Traumatic Brain Injury (TBI)-Long-Term Care



  • Traumatic brain injury (TBI) is caused by external trauma to the brain and may result in chronic impairment of physical, cognitive, and psychosocial function.
  • The management of acute TBI is not covered here.
  • Mild TBI (mTBI) is synonymous with concussion.


  • Predominant age: highest incidence in three age groups: 75+ years >0 to 4 years >15 to 24 years
  • Male > female (1.2:1)


  • ~2.5 million per year in the United States (likely an underestimate of disease burden because many do not seek medical care)
  • 56,000 deaths per year (30% of all injury related deaths)

1–2% of the United States population has long-term TBI-related disabilities.

Pediatric Considerations

  • Novel psychiatric disorders (NPD) post-TBI in children include, among others, secondary attention-deficit/hyperactivity disorder > conduct disorder > personality change > depressive disorder > anxiety disorder
  • NPDs occur in as many as 31% of children with mTBI 2 years after injury.
  • Predictors of a child developing NPDs include severity of injury, lower socioeconomic status, and degree of family dysfunction.

Etiology and Pathophysiology

  • Most common causes: falls > object strike to the head > motor-vehicle crashes
  • Intentional self-harm and violence-related TBI have increased.
  • Sports and recreation injuries (especially in teenagers and young adults)
  • Primary injury
    • Transfer of external forces to contents within the skull
    • Result in varying degrees and combinations of cortical contusions, coup-countercoup injury, hemorrhage (both axial and extra-axial), and stretching/sheering/transecting axonal injury
  • Secondary injury
    • Cascade of molecular injury after primary injury resulting in ischemia and/or infarction of neuronal tissue
    • Secondary injury can continue well after the primary injury (hours to days after initial insult).
    • Mechanisms include release of excitatory neurotransmitters, release of free radicles, mitochondrial dysfunction, and ischemia from vasospasm among others.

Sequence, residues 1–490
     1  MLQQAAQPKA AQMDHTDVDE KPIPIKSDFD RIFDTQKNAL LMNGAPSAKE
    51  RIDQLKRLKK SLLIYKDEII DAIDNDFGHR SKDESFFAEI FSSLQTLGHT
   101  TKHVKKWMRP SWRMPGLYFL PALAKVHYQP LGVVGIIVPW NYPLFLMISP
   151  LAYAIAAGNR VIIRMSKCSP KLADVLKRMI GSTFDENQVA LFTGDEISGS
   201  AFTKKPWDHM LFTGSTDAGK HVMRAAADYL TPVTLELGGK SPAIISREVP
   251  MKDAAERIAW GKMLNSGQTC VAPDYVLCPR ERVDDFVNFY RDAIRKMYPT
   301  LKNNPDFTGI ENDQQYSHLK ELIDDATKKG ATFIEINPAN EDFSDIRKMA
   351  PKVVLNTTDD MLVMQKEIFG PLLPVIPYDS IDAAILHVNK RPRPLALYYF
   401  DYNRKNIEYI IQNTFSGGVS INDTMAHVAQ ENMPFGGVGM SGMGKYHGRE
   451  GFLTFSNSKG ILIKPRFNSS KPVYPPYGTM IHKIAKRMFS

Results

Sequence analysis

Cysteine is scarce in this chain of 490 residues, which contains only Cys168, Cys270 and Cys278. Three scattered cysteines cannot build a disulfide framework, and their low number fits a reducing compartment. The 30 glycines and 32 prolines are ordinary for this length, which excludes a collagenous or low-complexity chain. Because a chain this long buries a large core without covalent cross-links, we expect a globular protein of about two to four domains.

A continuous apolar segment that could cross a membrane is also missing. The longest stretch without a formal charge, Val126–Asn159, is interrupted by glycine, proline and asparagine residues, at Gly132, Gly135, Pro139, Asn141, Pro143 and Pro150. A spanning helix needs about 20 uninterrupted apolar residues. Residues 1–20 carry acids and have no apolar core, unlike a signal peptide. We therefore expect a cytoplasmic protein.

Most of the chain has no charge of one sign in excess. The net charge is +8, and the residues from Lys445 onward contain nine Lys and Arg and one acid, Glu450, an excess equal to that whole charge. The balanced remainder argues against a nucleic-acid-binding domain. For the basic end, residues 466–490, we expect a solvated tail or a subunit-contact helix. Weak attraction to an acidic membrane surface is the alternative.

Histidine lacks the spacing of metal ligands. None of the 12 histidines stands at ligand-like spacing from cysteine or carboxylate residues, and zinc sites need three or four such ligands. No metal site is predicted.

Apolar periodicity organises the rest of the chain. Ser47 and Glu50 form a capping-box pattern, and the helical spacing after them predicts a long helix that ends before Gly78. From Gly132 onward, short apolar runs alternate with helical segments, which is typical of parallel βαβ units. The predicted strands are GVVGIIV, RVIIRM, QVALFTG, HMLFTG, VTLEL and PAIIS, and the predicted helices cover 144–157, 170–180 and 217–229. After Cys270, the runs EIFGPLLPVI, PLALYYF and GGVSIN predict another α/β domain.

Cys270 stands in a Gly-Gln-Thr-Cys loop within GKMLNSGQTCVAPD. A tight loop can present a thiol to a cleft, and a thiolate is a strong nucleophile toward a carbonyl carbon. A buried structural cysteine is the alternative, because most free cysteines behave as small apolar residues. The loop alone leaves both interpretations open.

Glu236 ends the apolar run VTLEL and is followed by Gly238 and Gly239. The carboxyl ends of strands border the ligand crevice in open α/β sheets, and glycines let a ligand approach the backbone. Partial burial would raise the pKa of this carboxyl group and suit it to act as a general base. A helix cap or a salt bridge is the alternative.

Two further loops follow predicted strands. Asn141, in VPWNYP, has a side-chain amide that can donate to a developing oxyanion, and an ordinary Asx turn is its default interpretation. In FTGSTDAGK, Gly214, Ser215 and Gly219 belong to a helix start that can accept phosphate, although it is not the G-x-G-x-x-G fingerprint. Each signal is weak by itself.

• Impaired axonal transport and inflammation lead to increased edema, raising intracranial pressure. This, in turn, reduces blood flow to brain and results in further ischemia/infarction.
    • Secondary injury can be made even worse with prior anticoagulation, subsequent hypoxia, and/or subsequent hypotension after primary injury.

Risk Factors

  • Sex: male
  • Age: 75+ years >0 to 4 years >15 to 24 years
  • Lower socioeconomic status
  • Alcohol and drug use
  • Psychiatric disorders
  • Military personnel/veterans

General Prevention

  • Improved safety standards and programs to minimize injury from vehicular-related events (motor vehicle, motorcycle, bicycle, pedestrian), falls, violence, sports, and recreation provide best prevention against TBI.
  • This includes car seat safety, seatbelt use, helmet use, trip hazards (senior living), balance activities (seniors), safety gates, sport-specific training, and playground safety regulations.

Commonly Associated Conditions

  • Pain: chronic pain, chronic headaches
  • Psychiatric: psychosis, depression, posttraumatic stress disorder, attention deficit disorder, suicidality
  • Substance abuse

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